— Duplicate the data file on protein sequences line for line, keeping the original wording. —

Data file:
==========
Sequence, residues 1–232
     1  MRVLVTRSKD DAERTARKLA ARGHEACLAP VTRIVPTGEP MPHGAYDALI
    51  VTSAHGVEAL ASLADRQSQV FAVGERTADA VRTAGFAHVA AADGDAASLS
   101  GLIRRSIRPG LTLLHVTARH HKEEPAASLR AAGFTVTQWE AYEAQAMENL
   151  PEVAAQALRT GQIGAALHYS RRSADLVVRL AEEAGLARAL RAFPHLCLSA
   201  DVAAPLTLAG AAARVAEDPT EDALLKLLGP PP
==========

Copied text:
Sequence, residues 1–232
     1  MRVLVTRSKD DAERTARKLA ARGHEACLAP VTRIVPTGEP MPHGAYDALI
    51  VTSAHGVEAL ASLADRQSQV FAVGERTADA VRTAGFAHVA AADGDAASLS
   101  GLIRRSIRPG LTLLHVTARH HKEEPAASLR AAGFTVTQWE AYEAQAMENL
   151  PEVAAQALRT GQIGAALHYS RRSADLVVRL AEEAGLARAL RAFPHLCLSA
   201  DVAAPLTLAG AAARVAEDPT EDALLKLLGP PP